Five Vintage Christmas Decorations Worth Entering The Attic For

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Christmas tree decoration
We've all got a box of old, neglected Christmas decorations hidden away somewhere – usually in the depths of the attic. What you might not realise is some vintage decorations are in high demand, and could earn you a few extra pennies (real, not chocolate)

Have you ever wondered whether those old, dusty vintage Christmas decorations you keep in the depths of the attic could be worth something? While you can't put a price on the joys of family tradition, it might interest you to learn that some of your Christmas decorations are in high demand and can be valuable. We've put together a list of the decorations to look out for. 

1. Putz villages

Putz villages are decorative, miniature-scale villages rooted in the elaborate Christmas traditions of the Moravian church. The small houses, often covered with fake snow and outfitted with lights, were introduced in the US by the Pennsylvania Dutch in the late 1800s. 

The most sought after pieces are those made in Germany or the Czech Republic in the late 19th and early 20th century. Typically they're crafted from wood and can sell for around $250 for an individual piece – that's just under £200 to us!

Those made in Japan in the 1920s are also popular. These, however, are crafted from cardboard and often fetch a lower sum of $50. 

2. Vintage Christmas catalogues

By the 1930s, Christmas had become a big business in America. Department stores set up huge Christmas trees, places for children to meet Santa and sweeping window displays of their toys, often encircled by a lifelike Lionel train set. All the trappings of this era – the trains, the toys, and even the catalogues, are highly collectable. 

The most in-demand of these vintage catalogues are those from the 1950s and 1960s, particularly for the big department stores like Sears or Macy's. Rare examples in great condition, such as those produced by Disney, can sell for up to $500. 

3. Vintage Christmas records

Bing Crosby's 1938 recording of 'White Christmas' launched a wave of popular Christmas record albums which are now highly collectable (and perfect holiday music for a snowy day, if you still have a turntable knocking about). 

There's a lot to look out for in this genre, from the now-rare Beatles Christmas albums to recordings by Frank Sinatra, Gene Autry, Pearl Jam, and of course, Alvin and the Chipmunks. 

Another one to keep your eyes peeled for is Elvis's 1953 Christmas album. While millions were printed, there are a few which are highly valuable. If you have the red vinyl edition – congratulations. Only three were ever printed and each copy is worth a whopping $30,000 (approx. £24,000).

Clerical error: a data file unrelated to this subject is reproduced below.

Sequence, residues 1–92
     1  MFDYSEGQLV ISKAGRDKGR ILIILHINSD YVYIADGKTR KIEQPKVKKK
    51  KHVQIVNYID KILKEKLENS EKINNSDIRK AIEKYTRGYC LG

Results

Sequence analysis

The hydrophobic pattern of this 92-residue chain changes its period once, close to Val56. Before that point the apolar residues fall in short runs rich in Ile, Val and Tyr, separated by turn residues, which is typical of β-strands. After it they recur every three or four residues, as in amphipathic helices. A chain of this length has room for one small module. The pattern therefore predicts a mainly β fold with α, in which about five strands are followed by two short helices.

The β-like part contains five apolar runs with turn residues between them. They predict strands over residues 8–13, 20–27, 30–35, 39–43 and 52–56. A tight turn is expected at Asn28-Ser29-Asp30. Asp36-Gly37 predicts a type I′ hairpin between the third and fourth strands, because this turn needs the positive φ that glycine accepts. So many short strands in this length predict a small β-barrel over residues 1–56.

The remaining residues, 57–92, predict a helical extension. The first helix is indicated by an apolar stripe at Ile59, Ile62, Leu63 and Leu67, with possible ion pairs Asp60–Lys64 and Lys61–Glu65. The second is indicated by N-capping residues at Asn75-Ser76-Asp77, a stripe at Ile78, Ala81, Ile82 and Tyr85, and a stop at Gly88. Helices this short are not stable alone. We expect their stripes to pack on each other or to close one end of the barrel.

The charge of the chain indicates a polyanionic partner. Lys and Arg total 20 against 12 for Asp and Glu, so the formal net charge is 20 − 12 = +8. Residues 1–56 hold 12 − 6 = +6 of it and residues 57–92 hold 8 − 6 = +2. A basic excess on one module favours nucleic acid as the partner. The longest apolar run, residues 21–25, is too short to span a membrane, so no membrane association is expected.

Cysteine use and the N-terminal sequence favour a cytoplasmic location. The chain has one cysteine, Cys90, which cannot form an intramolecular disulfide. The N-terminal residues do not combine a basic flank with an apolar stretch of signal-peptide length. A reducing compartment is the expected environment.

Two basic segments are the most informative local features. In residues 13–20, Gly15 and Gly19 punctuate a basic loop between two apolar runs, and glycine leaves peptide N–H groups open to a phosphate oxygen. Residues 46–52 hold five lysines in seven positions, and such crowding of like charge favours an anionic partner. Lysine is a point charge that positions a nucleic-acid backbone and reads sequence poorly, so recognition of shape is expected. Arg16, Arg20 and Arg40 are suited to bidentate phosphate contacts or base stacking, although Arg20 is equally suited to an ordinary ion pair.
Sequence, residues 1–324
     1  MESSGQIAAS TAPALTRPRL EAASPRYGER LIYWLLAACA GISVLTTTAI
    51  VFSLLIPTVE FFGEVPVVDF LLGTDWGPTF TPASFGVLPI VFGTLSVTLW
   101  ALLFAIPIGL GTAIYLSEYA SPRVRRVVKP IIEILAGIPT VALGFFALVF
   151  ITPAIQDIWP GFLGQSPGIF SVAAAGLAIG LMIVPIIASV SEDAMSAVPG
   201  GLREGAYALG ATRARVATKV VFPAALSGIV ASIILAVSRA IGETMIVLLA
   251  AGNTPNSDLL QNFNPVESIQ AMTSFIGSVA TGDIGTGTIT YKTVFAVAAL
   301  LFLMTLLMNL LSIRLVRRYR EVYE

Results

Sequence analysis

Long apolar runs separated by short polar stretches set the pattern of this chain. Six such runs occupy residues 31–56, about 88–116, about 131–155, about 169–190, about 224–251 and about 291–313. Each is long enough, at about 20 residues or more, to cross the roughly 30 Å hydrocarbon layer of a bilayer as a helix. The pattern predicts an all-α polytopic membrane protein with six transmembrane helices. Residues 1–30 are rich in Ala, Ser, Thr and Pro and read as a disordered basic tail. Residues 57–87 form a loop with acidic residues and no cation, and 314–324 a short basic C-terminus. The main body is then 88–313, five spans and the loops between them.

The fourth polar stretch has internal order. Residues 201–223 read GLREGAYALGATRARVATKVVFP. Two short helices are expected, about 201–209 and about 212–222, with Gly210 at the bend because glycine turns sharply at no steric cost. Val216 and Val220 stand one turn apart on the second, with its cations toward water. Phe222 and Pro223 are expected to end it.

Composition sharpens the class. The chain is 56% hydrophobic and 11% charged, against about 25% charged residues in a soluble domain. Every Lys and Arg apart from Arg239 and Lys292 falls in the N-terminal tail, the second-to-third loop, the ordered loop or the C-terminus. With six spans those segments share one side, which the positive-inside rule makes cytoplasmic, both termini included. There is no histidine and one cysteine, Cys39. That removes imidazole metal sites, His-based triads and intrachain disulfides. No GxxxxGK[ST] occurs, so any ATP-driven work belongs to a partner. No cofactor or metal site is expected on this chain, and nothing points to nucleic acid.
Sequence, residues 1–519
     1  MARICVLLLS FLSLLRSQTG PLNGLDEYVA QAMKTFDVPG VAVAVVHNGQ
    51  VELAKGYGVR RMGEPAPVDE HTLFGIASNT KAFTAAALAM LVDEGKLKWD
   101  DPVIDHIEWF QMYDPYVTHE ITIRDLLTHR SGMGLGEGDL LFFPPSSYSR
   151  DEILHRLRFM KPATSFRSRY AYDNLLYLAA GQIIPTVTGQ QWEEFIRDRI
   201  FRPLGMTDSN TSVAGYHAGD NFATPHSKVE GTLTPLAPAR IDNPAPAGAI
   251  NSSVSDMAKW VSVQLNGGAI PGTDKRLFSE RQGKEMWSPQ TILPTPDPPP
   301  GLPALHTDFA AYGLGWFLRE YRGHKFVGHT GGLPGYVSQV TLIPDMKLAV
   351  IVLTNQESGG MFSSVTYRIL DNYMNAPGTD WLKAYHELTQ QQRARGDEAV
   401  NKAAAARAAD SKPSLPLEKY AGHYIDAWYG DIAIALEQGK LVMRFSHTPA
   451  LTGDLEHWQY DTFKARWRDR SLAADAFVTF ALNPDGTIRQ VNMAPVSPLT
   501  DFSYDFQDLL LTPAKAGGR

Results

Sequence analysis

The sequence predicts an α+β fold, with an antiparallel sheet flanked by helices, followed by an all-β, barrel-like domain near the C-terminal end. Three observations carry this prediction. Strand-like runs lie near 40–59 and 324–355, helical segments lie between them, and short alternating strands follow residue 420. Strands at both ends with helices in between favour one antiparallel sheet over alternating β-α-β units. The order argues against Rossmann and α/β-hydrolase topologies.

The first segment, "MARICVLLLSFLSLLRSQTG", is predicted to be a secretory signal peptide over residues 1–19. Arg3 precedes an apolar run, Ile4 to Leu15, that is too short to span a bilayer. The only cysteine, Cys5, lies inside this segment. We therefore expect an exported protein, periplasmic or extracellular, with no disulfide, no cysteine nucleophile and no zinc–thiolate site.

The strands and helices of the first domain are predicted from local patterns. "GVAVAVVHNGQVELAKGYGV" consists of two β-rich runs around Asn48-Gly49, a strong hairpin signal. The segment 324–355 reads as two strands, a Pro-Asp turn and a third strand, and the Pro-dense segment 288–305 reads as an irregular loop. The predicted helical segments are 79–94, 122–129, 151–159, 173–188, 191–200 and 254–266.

4. Shiny Brite ornaments

In the 1880s German craftsmen began producing images of fruits, hearts, stars and angels in glass to adorn Christmas trees. FW Woolworth, an American mass merchandiser, began to import these German glass ornaments to sell in his five and 10 cent stores across the U.S. The trade began to flounder after World War I so Max Eckardt, a German immigrant and representative of the FW Woolworth company, began manufacturing and selling the ornaments in the US under the name Shiny Brite. 

Today, Shiny Brites that are in their original festively coloured boxes are  highly desirable, and can reach sums of £80. 

5. Aluminium Christmas trees

As you may have noticed, there's a correlation between mid-century kitsch and value with these Christmas decorations. Nowhere is that more evident than in the market for aluminium trees (yes, it's a thing). 

Americans became enamoured with these gleaming, glittering artificial trees. Today these novelty trees are considered highly collectable. Lucky enough to have one in the attic? You could be looking at several hundred pounds – more if it's pink. One seven foot pink number made £2,860 in a 2005 sale. Quick get the stepladders. 

Don't be disheartened if you don't discover any vintage gems amongst the cobwebs of your attic. One thing you can do is hang on to those decorations and hand-me-downs, not to mention new Christmas items you pick up this year. You never know what might become valuable 30 years from now!

 

First published in: December 2016

Published in: November 2017

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